q

angle (°)

f

parametric angle from vertical (mirror) axis y

h

collector efficiency, Eq. (6)

r

tangential distance from receiver to mirror envelop

Subscripts

0

zero-loss

a

ambient

acc

half acceptance

full

full

in

inlet

m

mean

out

outlet

s

stagnation

t

transversal

  References

[1] Jradi M., Riffat S. (2014). Medium temperature concentrators for solar thermal applications, International Journal of Low-Carbon Technologies, Vol. 9, pp. 214–224. DOI: 10.1093/ijlct/cts068

[2] Xu D.H., Qu M. (2013). Compound parabolic concentrators in solar thermal applications: a review, ASME 2013 7th International Conference on Energy Sustainability, Minneapolis, Minnesota, USA. DOI: 10.1115/ES2013-18409

[3] Hinterberger H., Winston R. (1966). Efficient light coupler for threshold Cernkov counters, Rev. Sci. Instrum, Vol. 37, No. 8, pp. 1094–1095. DOI: 10.1063/1.1720428

[4] EN 12975-2. (2006). Thermal solar systems and components - Solar collectors - Part 2: Test methods.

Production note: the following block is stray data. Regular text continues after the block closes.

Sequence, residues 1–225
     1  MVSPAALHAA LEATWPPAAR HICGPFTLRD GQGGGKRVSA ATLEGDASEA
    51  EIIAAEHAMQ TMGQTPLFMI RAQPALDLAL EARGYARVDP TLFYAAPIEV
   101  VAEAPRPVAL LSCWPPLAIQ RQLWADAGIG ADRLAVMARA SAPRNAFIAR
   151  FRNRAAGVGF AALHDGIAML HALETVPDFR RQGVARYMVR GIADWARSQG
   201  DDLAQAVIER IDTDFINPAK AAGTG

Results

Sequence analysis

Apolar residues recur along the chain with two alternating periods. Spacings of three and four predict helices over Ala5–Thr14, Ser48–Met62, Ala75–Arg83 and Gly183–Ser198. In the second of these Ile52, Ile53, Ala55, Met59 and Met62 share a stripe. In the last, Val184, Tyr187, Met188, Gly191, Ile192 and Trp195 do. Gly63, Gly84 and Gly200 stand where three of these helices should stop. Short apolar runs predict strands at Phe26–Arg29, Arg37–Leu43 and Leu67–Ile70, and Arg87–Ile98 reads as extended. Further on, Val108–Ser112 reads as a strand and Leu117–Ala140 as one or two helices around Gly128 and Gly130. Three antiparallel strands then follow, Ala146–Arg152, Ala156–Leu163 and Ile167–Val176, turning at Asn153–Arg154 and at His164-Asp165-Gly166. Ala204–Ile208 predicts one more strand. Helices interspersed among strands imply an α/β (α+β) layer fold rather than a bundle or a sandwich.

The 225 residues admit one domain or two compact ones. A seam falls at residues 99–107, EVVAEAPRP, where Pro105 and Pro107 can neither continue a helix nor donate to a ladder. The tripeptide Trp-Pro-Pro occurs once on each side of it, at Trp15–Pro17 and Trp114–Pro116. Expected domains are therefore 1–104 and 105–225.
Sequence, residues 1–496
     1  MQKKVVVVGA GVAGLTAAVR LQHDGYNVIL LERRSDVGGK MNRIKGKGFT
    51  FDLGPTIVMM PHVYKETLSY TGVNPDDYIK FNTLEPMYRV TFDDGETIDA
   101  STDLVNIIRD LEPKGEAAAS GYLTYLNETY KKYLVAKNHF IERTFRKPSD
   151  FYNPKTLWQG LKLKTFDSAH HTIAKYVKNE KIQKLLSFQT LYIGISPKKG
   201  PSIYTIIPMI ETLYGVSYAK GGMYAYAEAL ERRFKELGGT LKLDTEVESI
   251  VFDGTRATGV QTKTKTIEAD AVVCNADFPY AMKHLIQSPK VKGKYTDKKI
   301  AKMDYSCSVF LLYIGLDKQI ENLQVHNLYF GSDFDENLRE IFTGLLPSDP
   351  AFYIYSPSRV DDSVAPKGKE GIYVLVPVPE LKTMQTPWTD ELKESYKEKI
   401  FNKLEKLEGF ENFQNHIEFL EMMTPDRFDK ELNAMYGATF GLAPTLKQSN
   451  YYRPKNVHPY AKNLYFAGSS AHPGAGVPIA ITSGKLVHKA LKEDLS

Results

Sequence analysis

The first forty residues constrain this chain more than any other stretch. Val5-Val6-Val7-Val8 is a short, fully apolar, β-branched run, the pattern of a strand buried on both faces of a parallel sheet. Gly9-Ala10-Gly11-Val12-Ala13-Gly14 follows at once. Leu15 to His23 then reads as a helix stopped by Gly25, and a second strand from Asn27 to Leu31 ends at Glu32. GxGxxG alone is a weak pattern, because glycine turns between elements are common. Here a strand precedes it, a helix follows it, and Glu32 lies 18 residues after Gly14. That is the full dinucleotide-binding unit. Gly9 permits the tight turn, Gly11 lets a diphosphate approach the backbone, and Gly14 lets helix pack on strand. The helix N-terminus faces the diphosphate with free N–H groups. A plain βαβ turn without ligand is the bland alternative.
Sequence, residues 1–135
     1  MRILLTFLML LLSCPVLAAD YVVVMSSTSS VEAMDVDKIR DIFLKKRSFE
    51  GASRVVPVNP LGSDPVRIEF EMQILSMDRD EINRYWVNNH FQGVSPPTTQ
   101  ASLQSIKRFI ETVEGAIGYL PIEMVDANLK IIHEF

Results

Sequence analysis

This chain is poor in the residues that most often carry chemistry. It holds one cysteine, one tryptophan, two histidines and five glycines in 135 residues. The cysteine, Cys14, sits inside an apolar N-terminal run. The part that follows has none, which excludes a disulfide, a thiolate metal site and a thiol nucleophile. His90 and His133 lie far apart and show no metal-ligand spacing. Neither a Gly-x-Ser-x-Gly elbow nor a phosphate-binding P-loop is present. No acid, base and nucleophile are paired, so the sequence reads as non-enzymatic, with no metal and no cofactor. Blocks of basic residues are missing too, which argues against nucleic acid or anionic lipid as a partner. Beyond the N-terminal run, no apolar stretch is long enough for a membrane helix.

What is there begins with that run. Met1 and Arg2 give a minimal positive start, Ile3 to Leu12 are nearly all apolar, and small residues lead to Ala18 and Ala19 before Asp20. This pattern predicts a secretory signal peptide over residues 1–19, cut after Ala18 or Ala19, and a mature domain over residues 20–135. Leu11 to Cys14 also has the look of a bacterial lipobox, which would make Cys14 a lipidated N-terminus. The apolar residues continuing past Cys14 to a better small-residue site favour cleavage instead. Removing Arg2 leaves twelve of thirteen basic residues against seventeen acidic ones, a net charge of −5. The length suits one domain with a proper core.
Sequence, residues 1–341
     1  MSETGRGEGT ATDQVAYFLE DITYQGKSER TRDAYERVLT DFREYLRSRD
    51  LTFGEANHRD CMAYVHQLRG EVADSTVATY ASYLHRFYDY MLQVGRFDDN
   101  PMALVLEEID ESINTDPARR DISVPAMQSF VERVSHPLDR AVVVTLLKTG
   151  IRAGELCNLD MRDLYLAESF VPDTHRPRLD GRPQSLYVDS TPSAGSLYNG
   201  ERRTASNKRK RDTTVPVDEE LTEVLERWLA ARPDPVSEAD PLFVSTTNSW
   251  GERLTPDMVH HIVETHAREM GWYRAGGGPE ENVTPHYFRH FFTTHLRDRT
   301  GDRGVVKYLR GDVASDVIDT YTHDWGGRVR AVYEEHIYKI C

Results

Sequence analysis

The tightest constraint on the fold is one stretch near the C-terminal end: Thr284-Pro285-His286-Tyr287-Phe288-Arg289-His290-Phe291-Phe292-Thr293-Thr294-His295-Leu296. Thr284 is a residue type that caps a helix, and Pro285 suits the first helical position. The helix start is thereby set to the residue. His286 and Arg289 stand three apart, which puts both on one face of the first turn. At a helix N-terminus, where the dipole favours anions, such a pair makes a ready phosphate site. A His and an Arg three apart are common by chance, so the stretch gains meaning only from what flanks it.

[5] Rabl A., Goodman N.B., Winston R. (1979). Practical design considerations for CPC Solar Collectors, Solar Energy, Vol. 22, pp. 373–381. DOI: 10.1016/0038-092X(79) 90192-0

[6] Gallagher J.O. (2008). Non-Imaging Optics in Solar Energy, Morgan and Claypool.

[7] W.R. Mc Intire. (1979). Truncation of non-imaging cusp concentrators, Solar Energy, Vol. 23, pp. 351-355. DOI: 10.1016/0038-092X(79)90130-0

[8] Winston R., Miñano J.C. Benítez P. (2005). Non-Imaging Optics, Academic Press. 

[9] Casano G., Piva S. (2013). On the Measurement of the instantaneous efficiency of solar thermal collectors with a modified EN 12975 test facility, Int J Heat & Tech., Vol. 31, No. 4, pp. 25-30. 

[10] Moffat R.J. (1994). Establishing the credibility of experimental work, Experimental Thermal and Fluid Science., Vol. 8, No. 2.

[11] Demings W.E. (1943). Statistical Adjustment of Data, New York, Wiley. 

[12] Fischer S., Lüpfert E., Müller-Steinhagen H. (2006). Efficiency testing of parabolic trough collectors using the quasi-dynamic test procedure according to the European Standard EN 12975, Solar Paces 13th Symposium on Concentrating Solar Power and Chemical Energy Technologies, Sevilla. 

[13] Osório T., Carvalho M.J. (2012). Testing of solar thermal collectors under transient conditions, Energy Procedia, Vol. 30, pp. 1344-1353. DOI: 10.1016/j.egypro.2012. 11.148